142nd APHA Annual Meeting and Exposition

Annual Meeting Recordings are now available for purchase

304371
Increasing student water consumption during school meals: A group-randomized, controlled trial

142nd APHA Annual Meeting and Exposition (November 15 - November 19, 2014): http://www.apha.org/events-and-meetings/annual
Monday, November 17, 2014 : 8:50 AM - 9:10 AM

Erica Kenney, ScD, MPH , Department of Social and Behavioral Sciences, Harvard School of Public Health Prevention Research Center, Boston, MA
Steven L. Gortmaker, PhD , Department of Social and Behavioral Sciences, Harvard School of Public Health, Prevention Research Center, Boston, MA
Jill Carter, EdM, MA , Health & Wellness, Boston Public Schools, Boston, MA
Jennifer Reiner, BA , Department of Social and Behavioral Sciences, Harvard School of Public Health Prevention Research Center, Boston, MA
Caitlin Howe, MPH , Health and Wellness Department, Boston Public Schools, Dorchester, MA
Angie L. Cradock, ScD , Department of Social and Behavioral Sciences, Harvard School of Public Health, Prevention Research Center, Boston, MA
Introduction. Increasing children’s water consumption has gained attention as an important public health strategy. However, U.S. children currently consume little water and substantial sugary beverages. Improving drinking water access and promoting water in schools may be a key intervention strategy.

Methods. We conducted a group-randomized, controlled trial in 10 schools in Boston, MA in spring 2013 to test a cafeteria-based intervention to improve water access and consumption. The intervention was co-developed with the Boston Public Schools and consisted of simple promotional signage posted near water access points, installing cup-holders next to cafeteria water access points, and stocking disposable cups. The percentage of students consuming water and other beverages during each lunch period and average ounces of water consumed were directly observed for five days at both baseline and follow-up. Mixed linear regression models adjusting for clustering were used to test for intervention impact.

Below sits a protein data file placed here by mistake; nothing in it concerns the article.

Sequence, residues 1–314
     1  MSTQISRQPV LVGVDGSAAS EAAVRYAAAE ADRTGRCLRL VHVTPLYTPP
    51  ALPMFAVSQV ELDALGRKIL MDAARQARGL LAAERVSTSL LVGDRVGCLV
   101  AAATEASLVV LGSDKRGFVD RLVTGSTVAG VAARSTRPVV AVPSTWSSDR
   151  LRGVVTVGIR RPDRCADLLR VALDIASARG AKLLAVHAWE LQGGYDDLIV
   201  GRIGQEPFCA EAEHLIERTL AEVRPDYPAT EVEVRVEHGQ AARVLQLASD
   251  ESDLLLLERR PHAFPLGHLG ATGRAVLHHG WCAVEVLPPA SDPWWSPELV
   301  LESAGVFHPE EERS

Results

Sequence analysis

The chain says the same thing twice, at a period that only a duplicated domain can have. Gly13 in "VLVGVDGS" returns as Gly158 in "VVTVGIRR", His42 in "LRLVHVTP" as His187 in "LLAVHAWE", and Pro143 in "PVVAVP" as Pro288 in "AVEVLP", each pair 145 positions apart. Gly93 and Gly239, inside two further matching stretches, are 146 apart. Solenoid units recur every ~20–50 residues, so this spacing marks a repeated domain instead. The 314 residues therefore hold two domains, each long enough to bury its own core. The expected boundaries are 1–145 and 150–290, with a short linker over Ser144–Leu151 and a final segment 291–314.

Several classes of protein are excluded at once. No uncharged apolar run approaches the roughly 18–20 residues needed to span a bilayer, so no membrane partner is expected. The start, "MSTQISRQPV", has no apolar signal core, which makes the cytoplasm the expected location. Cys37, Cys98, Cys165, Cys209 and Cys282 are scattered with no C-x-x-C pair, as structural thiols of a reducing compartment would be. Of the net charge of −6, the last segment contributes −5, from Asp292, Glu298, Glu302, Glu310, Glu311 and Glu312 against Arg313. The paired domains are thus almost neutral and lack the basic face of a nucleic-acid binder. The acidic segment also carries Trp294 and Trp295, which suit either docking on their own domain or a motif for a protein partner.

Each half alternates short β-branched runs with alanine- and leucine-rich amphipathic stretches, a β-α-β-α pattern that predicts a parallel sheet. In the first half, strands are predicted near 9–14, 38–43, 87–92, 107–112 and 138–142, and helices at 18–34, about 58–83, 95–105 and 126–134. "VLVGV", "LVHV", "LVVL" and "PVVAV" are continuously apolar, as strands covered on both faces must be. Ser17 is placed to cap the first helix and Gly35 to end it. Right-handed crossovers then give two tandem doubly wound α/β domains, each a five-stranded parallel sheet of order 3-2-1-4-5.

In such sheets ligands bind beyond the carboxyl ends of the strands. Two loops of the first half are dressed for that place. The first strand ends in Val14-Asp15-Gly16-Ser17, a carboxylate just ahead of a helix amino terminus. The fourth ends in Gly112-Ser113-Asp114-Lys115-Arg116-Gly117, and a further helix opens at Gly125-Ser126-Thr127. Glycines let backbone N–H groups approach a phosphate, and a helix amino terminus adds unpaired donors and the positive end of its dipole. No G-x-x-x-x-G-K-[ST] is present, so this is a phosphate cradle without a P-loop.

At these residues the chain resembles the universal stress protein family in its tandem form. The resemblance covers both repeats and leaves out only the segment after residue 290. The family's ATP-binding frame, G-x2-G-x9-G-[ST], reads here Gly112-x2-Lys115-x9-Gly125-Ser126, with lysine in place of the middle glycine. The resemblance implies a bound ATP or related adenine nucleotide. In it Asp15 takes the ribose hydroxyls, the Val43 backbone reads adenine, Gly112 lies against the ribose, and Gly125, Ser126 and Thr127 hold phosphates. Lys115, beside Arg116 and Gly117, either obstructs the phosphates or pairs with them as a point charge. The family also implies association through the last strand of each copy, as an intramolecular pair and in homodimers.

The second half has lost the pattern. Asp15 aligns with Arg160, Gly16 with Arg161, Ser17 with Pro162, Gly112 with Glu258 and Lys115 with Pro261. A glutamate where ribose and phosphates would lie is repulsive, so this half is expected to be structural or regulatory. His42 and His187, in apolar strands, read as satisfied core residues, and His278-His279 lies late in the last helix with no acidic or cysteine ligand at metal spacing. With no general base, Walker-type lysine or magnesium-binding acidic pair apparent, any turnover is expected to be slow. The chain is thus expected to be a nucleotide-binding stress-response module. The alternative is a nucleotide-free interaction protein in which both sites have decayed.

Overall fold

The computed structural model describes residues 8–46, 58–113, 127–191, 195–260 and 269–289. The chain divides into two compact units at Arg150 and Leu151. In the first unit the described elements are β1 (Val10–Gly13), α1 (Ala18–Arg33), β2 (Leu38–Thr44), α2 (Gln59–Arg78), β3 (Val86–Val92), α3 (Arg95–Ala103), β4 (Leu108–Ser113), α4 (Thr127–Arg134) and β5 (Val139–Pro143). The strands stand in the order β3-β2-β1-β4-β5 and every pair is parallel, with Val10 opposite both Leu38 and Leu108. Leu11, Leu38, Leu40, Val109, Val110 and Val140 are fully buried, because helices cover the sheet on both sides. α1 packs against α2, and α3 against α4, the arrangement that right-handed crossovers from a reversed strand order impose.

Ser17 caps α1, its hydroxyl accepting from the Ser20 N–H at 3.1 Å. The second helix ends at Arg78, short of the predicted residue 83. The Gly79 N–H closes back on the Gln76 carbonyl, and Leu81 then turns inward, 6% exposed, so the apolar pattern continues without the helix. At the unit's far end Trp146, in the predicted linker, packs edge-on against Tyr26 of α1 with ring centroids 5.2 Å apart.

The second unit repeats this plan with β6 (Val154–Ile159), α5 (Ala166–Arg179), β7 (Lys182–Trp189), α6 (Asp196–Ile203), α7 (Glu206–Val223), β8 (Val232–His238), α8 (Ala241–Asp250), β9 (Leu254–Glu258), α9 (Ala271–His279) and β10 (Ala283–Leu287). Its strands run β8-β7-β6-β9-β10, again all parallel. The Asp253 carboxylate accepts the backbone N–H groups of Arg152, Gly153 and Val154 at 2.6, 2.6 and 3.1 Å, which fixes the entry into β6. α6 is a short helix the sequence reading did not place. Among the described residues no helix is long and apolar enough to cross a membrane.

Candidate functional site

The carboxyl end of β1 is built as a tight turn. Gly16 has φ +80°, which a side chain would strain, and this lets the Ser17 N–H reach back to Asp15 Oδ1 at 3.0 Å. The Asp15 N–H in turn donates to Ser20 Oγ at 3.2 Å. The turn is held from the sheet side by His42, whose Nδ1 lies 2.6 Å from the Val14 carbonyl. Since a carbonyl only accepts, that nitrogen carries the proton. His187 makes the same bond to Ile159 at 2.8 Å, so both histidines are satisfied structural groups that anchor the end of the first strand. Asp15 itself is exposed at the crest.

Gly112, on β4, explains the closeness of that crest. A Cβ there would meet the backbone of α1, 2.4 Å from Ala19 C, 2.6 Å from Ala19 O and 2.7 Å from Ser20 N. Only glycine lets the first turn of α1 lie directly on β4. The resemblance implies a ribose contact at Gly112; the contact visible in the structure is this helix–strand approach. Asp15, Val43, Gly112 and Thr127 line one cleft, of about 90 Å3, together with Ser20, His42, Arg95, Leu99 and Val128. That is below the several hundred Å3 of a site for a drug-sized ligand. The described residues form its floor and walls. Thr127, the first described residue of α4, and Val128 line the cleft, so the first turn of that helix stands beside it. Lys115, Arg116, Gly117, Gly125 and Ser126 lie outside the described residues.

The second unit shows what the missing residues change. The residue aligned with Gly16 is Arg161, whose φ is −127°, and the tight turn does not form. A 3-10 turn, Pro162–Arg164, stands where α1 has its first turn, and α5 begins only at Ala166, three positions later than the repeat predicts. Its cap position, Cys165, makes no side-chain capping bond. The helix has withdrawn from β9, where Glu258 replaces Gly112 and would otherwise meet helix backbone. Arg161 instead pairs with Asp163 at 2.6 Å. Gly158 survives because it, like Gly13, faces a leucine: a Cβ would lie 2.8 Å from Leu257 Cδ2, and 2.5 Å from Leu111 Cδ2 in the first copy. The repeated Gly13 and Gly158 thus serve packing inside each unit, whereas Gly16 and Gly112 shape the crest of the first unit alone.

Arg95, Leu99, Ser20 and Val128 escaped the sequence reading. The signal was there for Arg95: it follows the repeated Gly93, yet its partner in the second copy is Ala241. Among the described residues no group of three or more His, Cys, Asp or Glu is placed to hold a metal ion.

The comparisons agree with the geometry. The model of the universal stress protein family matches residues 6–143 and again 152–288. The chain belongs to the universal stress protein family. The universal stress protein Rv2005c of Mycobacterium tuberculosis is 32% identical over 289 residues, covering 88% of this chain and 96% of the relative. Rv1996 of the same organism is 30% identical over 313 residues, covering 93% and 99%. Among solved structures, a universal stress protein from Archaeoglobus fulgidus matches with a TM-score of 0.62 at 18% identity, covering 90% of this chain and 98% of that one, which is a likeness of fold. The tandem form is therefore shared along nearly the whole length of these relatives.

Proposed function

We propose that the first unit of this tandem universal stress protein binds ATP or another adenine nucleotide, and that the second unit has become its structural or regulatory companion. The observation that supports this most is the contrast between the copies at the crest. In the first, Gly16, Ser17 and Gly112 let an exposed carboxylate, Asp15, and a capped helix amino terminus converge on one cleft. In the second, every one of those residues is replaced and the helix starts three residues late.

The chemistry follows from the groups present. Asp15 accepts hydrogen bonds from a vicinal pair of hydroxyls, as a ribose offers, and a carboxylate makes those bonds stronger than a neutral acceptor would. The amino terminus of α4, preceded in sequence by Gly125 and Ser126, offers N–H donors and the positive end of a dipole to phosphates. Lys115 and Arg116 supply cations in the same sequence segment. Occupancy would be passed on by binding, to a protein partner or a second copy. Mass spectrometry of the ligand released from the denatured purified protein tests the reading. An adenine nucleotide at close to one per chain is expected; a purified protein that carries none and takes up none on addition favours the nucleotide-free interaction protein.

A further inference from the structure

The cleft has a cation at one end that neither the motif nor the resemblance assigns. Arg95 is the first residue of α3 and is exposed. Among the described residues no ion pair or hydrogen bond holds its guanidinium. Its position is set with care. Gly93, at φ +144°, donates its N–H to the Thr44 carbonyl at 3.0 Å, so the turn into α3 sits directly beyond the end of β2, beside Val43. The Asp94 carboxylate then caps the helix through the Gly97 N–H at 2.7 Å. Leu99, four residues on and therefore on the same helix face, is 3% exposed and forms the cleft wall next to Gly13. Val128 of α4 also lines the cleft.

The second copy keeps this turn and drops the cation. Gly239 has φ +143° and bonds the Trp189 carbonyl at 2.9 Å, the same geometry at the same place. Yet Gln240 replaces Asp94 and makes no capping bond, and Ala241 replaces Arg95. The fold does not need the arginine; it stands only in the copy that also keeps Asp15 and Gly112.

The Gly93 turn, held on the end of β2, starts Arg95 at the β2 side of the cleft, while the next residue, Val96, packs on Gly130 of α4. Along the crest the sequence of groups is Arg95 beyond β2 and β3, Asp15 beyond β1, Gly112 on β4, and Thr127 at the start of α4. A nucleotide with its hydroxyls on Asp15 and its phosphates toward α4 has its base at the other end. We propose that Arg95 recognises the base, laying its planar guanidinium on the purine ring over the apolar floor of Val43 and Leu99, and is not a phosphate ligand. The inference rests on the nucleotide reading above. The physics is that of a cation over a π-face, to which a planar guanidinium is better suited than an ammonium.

Results. The percentage of students who took water during lunch nearly doubled in intervention schools compared to control schools (+9.4 percent, p<0.001) from baseline to follow-up. The average volume of water consumed per student also significantly increased, by 0.55 ounces per student (p<0.001). The percentage of students observed with sugar-sweetened beverages declined by 3.3 percentage points (p<0.005) in intervention versus control schools.

Discussion. This study shows that an inexpensive, low-resource intervention that increases student access to lunch-time drinking water can result in significant increases in the percent of students drinking water, the amount of water consumed, and decreases in observed sugary beverages.

Learning Areas:

Implementation of health education strategies, interventions and programs
Social and behavioral sciences

Learning Objectives:
Describe the impact of a low-cost, structural intervention on studentsí consumption of water and other beverages during the school day. Discuss potential public health policy implications for increasing student water consumption in school settings

Presenting author's disclosure statement:

Qualified on the content I am responsible for because: I have a Doctor of Science degree from the Harvard School of Public Health from the Department of Social and Behavioral Sciences. I am a member of the Prevention Research Center and work on various nutrition and physical activity interventions.
Any relevant financial relationships? No

I agree to comply with the American Public Health Association Conflict of Interest and Commercial Support Guidelines, and to disclose to the participants any off-label or experimental uses of a commercial product or service discussed in my presentation.